14. Cohen, M.L. 1992. “Family Management and Family Division in Contemporary Rural China.”The China Quarterly 130: 357–77.CrossRefGoogle Scholar
  15. Croll, E. 1988. “The New Peasant Economy in China.” Pp. 77–100 inTransforming China’s Economy in the Eighties: The Rural Sector, Welfare, and Employment, edited by S. Feuchtwang, A. Hussain, and T. Pariault. Boulder: Westview Press.Google Scholar
  16. Davin, D. 1999.Internal Migration in Contemporary China. New York: St. Martin’s Press.Google Scholar
  17. De Brauw, A., J. Huang, S. Rozelle, L. Zhang, and Y. Zhang. 2002. “The Evolution of China’s Rural Labor Markets During the Reforms.”Journal of Comparative Economics 30: 329–53.CrossRefGoogle Scholar
  18. De Brauw, A., Q. Li, C. Liu, S. Rozelle, and L. Zhang. 2008. “Feminization of Agriculture in China? Myths Surrounding Women’s Participation in Farming.”The China Quarterly 194: 327–48.Google Scholar
  19. Desai, S. and D. Jain. 1994. “Maternal Employment and Changes in Family Dynamics: The Social Context of Women’s Work in Rural South-India.”Population and Development Review 20: 115–36.CrossRefGoogle Scholar
  20. Dong, X., F. MacPhail, P. Bowles, and S.P.S. Ho. 2004. “Gender Segmentation at Work in China’s Privatized Rural Industry: Some Evidence From Shandong and Jiangsu.”World Development 32: 979–98.CrossRefGoogle Scholar
  21. Eder, J.F. 1999.A Generation Later: Household Strategies and Economic Change in the Rural Philippines. Honolulu: University of Hawaii Press.Google Scholar
  22. Elder, G.H. 1999.Children of the Great Depression: Social Change in Life Experience. Chicago: University of Chicago Press.Google Scholar
  23. Elder, G.H. and M.K. Johnson. 2002. “The Life Course and Human Development: Challenges, Lessons, and New Directions.” Pp. 49–81 inInvitation to the Life Course: Toward New Understandings of Later Life, edited by R.A. Settersten. Amityville, NY: Baywood.Google Scholar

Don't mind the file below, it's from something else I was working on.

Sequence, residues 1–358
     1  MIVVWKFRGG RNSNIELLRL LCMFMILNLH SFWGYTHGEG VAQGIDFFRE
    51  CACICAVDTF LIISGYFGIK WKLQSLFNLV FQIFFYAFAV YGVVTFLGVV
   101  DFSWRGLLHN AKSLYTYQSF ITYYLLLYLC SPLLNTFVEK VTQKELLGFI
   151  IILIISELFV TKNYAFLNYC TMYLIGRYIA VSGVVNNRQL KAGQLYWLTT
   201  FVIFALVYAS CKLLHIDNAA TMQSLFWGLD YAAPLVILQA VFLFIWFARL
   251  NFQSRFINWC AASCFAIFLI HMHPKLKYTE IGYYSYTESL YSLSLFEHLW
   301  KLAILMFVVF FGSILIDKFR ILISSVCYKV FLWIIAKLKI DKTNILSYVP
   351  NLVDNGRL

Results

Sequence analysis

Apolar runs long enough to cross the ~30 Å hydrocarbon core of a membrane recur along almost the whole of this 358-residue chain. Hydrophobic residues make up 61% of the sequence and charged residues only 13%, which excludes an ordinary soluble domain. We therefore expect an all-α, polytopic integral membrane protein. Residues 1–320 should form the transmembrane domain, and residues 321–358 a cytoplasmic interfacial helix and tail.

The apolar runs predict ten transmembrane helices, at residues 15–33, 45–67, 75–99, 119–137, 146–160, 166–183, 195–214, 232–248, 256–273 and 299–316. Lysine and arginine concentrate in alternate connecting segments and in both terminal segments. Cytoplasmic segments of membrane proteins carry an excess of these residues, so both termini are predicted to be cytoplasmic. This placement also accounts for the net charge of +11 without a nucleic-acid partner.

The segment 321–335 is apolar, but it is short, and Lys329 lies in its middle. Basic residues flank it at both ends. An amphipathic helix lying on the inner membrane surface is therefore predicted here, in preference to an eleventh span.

24. Engelen, T. 2002. “Labour Strategies of Families: A Critical Assessment of an Appealing Concept.”International Review of Social History 47: 453–64.CrossRefGoogle Scholar
  25. Entwisle, B. and F. Chen. 2002. “Work Patterns Following a Birth in Urban and Rural China: A Longitudinal Study.”European Journal of Population 18: 99–119.Google Scholar
  26. Entwisle, B., G.E. Henderson, S.E. Short, J. Bouma, and F. Zhai. 1995. “Gender and Family Businesses in Rural China.”American Sociological Review 60: 36–57.CrossRefGoogle Scholar
  27. Entwisle, B., S.E. Short, F. Zhai, and L. Ma. 2000. “Household Economies in Transitional Times.” Pp. 261–93 inRedrawing Boundaries: Work, Households, and Gender in China, edited by B. Entwisle and G.E. Henderson. Berkeley, CA: University of California Press.Google Scholar
  28. Fan, C.C. 2008.China on the Move: Migration, the State, and the Household. New York: Routledge.Google Scholar
  29. Fan, S. and X. Zhang. 2004. “Infrastructure and Regional Economic Development in Rural China.”China Economic Review 15: 203–14.CrossRefGoogle Scholar
  30. Fricke, T.E., A. Thornton, and D.R. Dahal. 1990. “Family Organization and the Wage Labor Transition in a Tamang Community of Nepal.”Human Ecology 18: 283–313.CrossRefGoogle Scholar
  31. Gao, X. 1994. “China’s Modernization and Changes in the Social Status of Rural Women.” Pp. 80–100 inEngendering China: Women, Culture and the State, edited by C.K. Gilmartin, G. Hershatter, L. Rofel, and T. White. Cambridge: Harvard University Press.Google Scholar
  32. Giles, J., A. Park, and F. Cai. 2006. “Reemployment of Dislocated Workers in Urban China: The Roles of Information and Incentives.”Journal of Comparative Economics 34: 582–607.CrossRefGoogle Scholar
  33. Guang, L. and L. Zheng. 2005. “Migration as the Second-Best Option: Local Power and Off-Farm Employment.”The China Quarterly 181: 22–45.CrossRefGoogle Scholar
  34. Hsiao, C. 1986.Analysis of Panel Data. Cambridge, UK: Cambridge University Press.Google Scholar
  35. Jacka, T. 1997.Women’s Work in Rural China: Change and Continuity in an Era of Reform. Cambridge, UK: Cambridge University Press.CrossRefGoogle Scholar
  36. Judd, E.R. 1994.Gender and Power in Rural North China. Stanford, CA: Stanford University Press.Google Scholar